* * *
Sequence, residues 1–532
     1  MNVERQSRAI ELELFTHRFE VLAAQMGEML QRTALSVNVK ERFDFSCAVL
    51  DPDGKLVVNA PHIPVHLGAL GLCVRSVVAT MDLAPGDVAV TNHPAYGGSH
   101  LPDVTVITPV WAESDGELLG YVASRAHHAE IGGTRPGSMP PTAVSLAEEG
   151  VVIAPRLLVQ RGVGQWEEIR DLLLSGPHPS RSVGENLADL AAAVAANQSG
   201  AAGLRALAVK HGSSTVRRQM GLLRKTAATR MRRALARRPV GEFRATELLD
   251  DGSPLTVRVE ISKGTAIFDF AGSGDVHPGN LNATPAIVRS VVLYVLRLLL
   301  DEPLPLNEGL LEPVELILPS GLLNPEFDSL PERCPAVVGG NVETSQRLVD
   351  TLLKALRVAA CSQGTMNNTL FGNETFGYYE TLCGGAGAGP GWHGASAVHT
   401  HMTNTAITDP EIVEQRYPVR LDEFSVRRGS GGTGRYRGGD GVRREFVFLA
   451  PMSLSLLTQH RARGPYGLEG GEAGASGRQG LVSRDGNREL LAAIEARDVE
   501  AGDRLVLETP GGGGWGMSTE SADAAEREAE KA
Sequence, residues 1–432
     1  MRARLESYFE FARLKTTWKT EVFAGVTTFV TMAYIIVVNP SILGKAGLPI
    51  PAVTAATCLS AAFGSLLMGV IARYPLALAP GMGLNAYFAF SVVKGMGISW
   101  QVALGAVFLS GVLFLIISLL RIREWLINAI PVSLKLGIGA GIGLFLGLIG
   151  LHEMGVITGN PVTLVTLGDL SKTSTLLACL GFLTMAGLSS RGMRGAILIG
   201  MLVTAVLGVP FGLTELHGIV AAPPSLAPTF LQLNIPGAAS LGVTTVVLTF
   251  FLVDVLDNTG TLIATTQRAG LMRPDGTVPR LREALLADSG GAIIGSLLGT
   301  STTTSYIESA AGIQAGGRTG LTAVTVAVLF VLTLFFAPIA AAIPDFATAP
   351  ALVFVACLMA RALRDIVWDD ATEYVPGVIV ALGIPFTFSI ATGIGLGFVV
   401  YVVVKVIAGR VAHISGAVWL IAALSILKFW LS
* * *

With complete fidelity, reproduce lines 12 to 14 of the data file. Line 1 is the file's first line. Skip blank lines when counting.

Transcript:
   501  AGDRLVLETP GGGGWGMSTE SADAAEREAE KA
Sequence, residues 1–432
     1  MRARLESYFE FARLKTTWKT EVFAGVTTFV TMAYIIVVNP SILGKAGLPI